Family-Based Green Card Process

Family-Based Green Card Process

Family-based green cards are a way for US permanent residents and citizens to bring their family members to the United States. This post will discuss the process for obtaining a family-based green card.


  1. Overview
  2. Form I-I30
  3. Form I-485 or Consular Processing
  4. Conclusion




Family-based green cards are a way for US permanent residents and US citizens to bring their family members to the United States. It aids in reuniting families who are seperated following the immigration of one family member.


Immediate relatives of US citizens (spouses, unmarried children under 21, internationally adopted children, and parents when the U.S. citizen child is over 21 years of age) are eligible for the Immediate Relative Immigrant Visa. There is no cap on how many of these visas can be issued every year.  This means that their case can be processed immediately upon approval of the relative petition.


Preference categories are for other family members who are not classified as immediate relatives. The first preference family-based green card is for unmarried children of US citizens who are over 21 years of age. The second preference category includes visas for spouses and minor children of permanent residents, as well as unmarried children of US permanent residents who are over 21 years of age. Most of these visas will go toward spouses and minor children. The third preference is for married children of US citizens and their spouses and children. The fourth preference is for brothers and sisters of US citizens. Please note that US permanent residents are only able to bring spouses, children, and unmarried children to the US. They cannot bring siblings, parents, or married children. Also, there are caps on preference category green cards. This means that there may be a waiting time between when your Form I-130 gets approved and when you can submit your Form I-485 or go through consular processing.


There are several requirements for both the petitioner and the beneficiary. The petitioner is the US permanent resident or US citizen. They must be able to prove their status as a lawful US citizen or permanent resident, have the ability to financially support the beneficiary, and prove a qualifying relationship with the beneficiary. In addition to demonstrating that they will not become a public charge (financially unable to support themselves) and that they have a relationship with the petitioner, the beneficiary must demonstrate that they do not have a communicable disease, a serious physical or mental disorder, have a substance abuse disorder, or have a history as a drug trafficker, undocumented immigrant, terrorist, or criminal.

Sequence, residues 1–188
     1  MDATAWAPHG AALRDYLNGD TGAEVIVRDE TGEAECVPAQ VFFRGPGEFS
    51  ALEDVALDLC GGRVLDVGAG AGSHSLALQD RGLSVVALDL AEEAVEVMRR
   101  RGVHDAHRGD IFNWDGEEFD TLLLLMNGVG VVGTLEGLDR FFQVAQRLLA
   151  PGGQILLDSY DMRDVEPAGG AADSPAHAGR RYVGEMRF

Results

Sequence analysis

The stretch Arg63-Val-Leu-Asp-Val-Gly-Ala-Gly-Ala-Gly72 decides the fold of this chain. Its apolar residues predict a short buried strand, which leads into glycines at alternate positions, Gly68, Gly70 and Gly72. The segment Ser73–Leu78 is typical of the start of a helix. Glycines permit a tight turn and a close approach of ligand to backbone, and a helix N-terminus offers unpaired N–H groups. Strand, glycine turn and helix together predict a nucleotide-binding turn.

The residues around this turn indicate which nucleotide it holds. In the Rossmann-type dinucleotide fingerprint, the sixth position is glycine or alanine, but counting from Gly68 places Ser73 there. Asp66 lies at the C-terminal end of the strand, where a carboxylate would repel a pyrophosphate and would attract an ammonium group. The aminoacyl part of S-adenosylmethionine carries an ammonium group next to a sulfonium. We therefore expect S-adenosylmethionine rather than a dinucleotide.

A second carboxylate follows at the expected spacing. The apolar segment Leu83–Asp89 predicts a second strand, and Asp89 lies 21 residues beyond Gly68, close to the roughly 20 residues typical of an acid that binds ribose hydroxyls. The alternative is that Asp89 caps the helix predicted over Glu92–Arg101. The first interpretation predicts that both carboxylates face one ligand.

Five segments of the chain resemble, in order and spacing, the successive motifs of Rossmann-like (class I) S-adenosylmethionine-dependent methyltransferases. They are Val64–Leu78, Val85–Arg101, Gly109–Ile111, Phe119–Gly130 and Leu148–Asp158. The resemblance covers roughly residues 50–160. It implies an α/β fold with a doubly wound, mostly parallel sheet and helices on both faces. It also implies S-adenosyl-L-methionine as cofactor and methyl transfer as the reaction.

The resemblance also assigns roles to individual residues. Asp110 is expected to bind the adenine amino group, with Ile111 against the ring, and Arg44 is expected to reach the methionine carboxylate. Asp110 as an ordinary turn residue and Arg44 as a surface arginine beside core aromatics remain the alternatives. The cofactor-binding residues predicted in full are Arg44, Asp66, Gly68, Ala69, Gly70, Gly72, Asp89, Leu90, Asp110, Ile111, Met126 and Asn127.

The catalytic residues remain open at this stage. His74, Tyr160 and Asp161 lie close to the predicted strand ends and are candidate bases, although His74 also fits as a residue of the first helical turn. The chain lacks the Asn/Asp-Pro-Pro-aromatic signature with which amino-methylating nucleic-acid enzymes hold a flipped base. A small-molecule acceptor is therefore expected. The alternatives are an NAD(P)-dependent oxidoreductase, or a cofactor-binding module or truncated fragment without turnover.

The family-based green card is a good option for many people because it allows you to bring your family who may not qualify for other green cards to the United States, and allows for family reunification. It also only has a two-step process:

-   Form I-130

-   Form I-485 or consular processing


If you think you or a family member would be eligible for a family-based green card, you should contact an immigration lawyer. My team and I would be happy to help you determine if this is the right visa for you and help you through this process.


Form I-130 


The first step for a family-based green card is to file Form I-130. Form I-130 is titled “Petition for Alien Relative”. You will file this with USCIS, either by mail or online (or in some cases, at your local embassy or consulate). More information about where to file your Form I-130 can be found by clicking here.


USCIS will mostly use Form I-130 to determine a qualifying relationship between the petitioner and the beneficiary. Form I-130 will ask for information about the beneficiary, the petitioner, and the attorney/interpreter if applicable. If you are filing a Form I-130 for your spouse, you will also need to include Form I-130A. This is the “Supplemental Information for Spouse Beneficiary” form.


Generally, you should complete one Form I-130 per beneficiary. However, with certain preference categories, some family members can immigrate as derivative beneficiaries under the principal beneficiary.  For example, a spouse of a lawful permanent resident can include his or her minor children as derivative beneficiaries on the same petition.


The cost per I-130 application filed with USCIS is $535. You may also need to include other documents, such as a copy of your birth or naturalization certificate, a copy of your passport or permanent resident card, and evidence of your relationship with the beneficiary.  When filing for your spouse, you must show that you are in a good faith marriage, in other words you did not just get married to petition for a green card.


Wait times for action on your Form I-130 will vary depending on where you submit, what your relationship with the beneficiary is, and the time of year. My team and I would be happy to provide more information about your specific case if desired. Your case status can be tracked by clicking here,


It is recommended that you work with an immigration lawyer to file Form I-130. An immigration lawyer can help you fill out Form I-130 accurately and effectively to increase your chances of a fast approval. If you do not fill out Form I-130 correctly, USCIS may request additional evidence, which will slow down the process. They could also reject your application if you fail to show a qualifying relationship with the beneficiary. My team and I are experienced with family-based green cards and would be happy to help you.